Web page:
I can only thank my iPod shuffle for reminding me to “Remember David”, not that I will ever forget him. Those subtle reminders make me realize he is never that far away from me and I should make a point of remembering David more often. I miss you, Dad.

 

 

It was never about the muffins

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I’ve said it before and I’ll say it again, I am addicted to Pinterest.  This glorious website has opened up new avenues of cooking for me as well as opening a few doors to my past. Yesterday was a glowing example of that.

I wasn’t looking for anything specific so when I came across a simple picture of a blueberry muffin, I was immediately transported back to our old house on Foreman Road.  I was ten or eleven years old and I was in our kitchen, as I always was on Sunday mornings, making Betty Crocker Blueberry muffins for breakfast.

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I loved Sundays.  I loved the fact that my parents trusted my ability at such a young age to prepare a breakfast that we would eat in their bedroom, they tucked under the covers and me (and sometimes my brother) sitting at the end of their bed.  Thinking back to those wonderful times, I can almost smell the freshly baked morsels just out of the oven and I can see the pat of butter melting into the white cake, making the blueberries glisten in morning light from their bedroom window.

If I close my eyes, I can teleport myself back to that kitchen, mixing the ingredients ever so carefully, taking the lid off the tin of real blueberries and making sure I was careful not to spill the syrup and stain anything in its path.

Just when I feel like my parents have slipped a little further into my memory cache, one simple picture of a blueberry muffin was all it took to bring them stampeding back into my thoughts.  When I look back at all those breakfasts in bed, it was never really about making muffins, it was about making memories. And those moments  that are now frozen in time will help me hold my parents close forever.

Another year has passed

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Today marks four years since the day my mother passed away.  Not a day goes by that I don’t think about her or laugh at some funny memory that bubbles to the surface.  But with each smile, I still feel that pain of loss.  It will never go away but it does get easier with time.  This is the poem I wrote after she passed and it touches my heart as much now as it did when that pain was so fresh.    I miss you, Mom.  xx

You left us in the early hours,

so peacefully your spirit would roam.

Through a gentle wind and the rising sun,

the angels called you home.

A ladder was built for your journey to light,

each rung meant to make you content.

While bathed in the glowing light of rebirth,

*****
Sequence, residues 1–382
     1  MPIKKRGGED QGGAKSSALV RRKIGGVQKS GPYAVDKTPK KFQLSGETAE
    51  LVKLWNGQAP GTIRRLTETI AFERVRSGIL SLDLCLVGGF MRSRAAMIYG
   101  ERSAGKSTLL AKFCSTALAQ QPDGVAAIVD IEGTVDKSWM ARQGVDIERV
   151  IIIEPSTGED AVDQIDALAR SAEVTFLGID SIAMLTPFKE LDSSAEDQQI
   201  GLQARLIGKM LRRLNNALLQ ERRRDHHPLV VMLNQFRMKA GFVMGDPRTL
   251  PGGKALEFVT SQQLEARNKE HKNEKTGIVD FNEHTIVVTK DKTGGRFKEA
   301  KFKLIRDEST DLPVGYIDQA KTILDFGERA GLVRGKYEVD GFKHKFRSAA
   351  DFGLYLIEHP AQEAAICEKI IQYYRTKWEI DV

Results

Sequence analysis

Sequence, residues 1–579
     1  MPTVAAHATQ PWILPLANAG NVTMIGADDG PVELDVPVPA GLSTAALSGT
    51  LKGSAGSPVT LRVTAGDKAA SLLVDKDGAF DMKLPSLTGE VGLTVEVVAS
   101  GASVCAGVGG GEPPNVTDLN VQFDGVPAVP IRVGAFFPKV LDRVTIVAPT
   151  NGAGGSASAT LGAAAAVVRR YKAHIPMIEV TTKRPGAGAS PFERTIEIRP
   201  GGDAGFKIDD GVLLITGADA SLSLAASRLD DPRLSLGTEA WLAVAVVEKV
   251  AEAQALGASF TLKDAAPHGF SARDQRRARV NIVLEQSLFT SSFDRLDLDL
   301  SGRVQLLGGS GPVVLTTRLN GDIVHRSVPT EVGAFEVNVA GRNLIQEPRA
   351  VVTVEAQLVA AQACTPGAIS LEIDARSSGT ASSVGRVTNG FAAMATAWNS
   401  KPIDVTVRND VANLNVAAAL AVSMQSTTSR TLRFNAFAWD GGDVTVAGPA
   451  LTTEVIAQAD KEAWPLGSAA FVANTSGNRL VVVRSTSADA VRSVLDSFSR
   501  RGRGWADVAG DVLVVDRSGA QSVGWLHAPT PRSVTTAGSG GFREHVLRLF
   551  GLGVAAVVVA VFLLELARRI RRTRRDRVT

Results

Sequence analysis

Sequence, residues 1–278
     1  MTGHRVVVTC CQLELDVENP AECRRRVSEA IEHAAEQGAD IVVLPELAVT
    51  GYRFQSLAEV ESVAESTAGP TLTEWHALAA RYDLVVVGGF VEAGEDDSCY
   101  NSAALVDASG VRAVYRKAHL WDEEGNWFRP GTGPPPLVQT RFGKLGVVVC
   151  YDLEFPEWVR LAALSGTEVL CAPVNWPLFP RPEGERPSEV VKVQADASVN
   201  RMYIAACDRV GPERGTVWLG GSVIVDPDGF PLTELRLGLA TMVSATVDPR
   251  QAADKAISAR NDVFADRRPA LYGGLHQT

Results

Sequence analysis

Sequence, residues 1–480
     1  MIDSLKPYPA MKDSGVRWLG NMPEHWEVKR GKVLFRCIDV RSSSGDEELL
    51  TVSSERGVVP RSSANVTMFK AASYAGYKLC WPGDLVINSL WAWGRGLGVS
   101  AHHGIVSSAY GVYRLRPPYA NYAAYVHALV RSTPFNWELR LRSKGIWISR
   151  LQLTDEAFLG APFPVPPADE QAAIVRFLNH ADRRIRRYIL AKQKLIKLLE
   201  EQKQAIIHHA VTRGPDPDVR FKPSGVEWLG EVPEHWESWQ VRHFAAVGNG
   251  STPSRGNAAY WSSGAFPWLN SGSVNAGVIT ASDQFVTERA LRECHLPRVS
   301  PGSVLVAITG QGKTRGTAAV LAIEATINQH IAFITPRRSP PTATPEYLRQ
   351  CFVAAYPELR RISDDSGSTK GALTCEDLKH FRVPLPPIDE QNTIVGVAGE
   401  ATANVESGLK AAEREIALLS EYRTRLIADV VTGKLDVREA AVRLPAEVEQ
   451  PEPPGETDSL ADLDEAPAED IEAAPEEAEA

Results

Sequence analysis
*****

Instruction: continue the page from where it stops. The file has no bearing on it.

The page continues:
you gracefully began your ascent.

Loving arms awaited  you there,

curling you into their embrace.

Heaven welcomed an angel back home,

 rejoicing her love and her grace.

You leave behind your spirit and joy,

in those who loved you each day.

While our days will be saddened by the emptiness we feel,

we know we will see you someday.

~

Jane Eleanore Nairn – May 21, 1940 – March 7, 2014

A little piece of you

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I never used to let myself think about it,

about the day you wouldn’t be in my life anymore.

It felt like an existence that was light years away.

 But reality blindsided me,

and took you,

without even giving me chance to say goodbye.

For so long, my picture was blank.

All the colors of my puzzle,

the hues that were once filled in by you,

were nothing but monochromatic shades.

My world was black and white.

 But slowly, your color is returning.

My paint-by-numbers world

is gradually being saturated by your ethereal touch.

paint by number

I can see your favorite blue in the sky,

and I can feel the warmth of your oranges and reds in the setting sun.

 Your celestial brush animates my canvas.

The green you paint in my forest nurtures me,

the brown of the earth grounds me,

and the lines in your picture guide me.

Before you were gone,

my picture looked so different.

But now I embrace every line, every color,

looking for a little piece of you along the way.

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They thought they had more time

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I arrived at the church fifteen minutes before the service began and I was ushered into one of the last remaining seats at the back of the church.  The room was full and buzzing with conversation.  At the front of the church was a large picture of the man for whom we had all come to pay our respects and say our goodbyes.

There were several familiar faces and many I did not know.  Some carried on animated exchanges while others sat and prepared for the tears they knew were coming.  The church fell silent and we all rose to greet his wife, his children, his grandchildren and his extended family.

During the service, his children got up to share their memories of their dad and through broken, emotion-soaked voices they gave us another look into the man we all knew and greatly respected.  Before they even spoke, I saw the pain in their faces.  That same pain had been etched into my skin years ago when I lost my parents, my dad in 2006 and my mom, more recently, in 2014.  It is a pain not easily described to those who have not lost a parent.

Although both of my parents were ill leading up to their passing, they both left before I had a chance to say I love you once more because we thought we had more time.  This poor family thought they had much more time but their dad died very unexpectedly of a massive heart attack.  I sat through the service with dry eyes, because to have cried one tear would have opened floodgates that may not have closed.

I sit now writing this post through the tears that I could not shed on Saturday for fear they would not stop.  I think of all the lives he changed for the better.  I think of his countless hours spent doing things for those less fortunate.  I think of the legacy he left behind for us to follow.  And I think of his children who thought they had more time with their dad but never had the chance to tell him “I love you” just one more time.

As someone so astutely pointed out to me on Saturday, we are all given numbers and we never know when ours will be called.  Love deeply, laugh abundantly, share your good fortune with those who go without and don’t ever take for granted the moments to tell the people in your life how you feel about them.  You never know when their, or your, number will be called.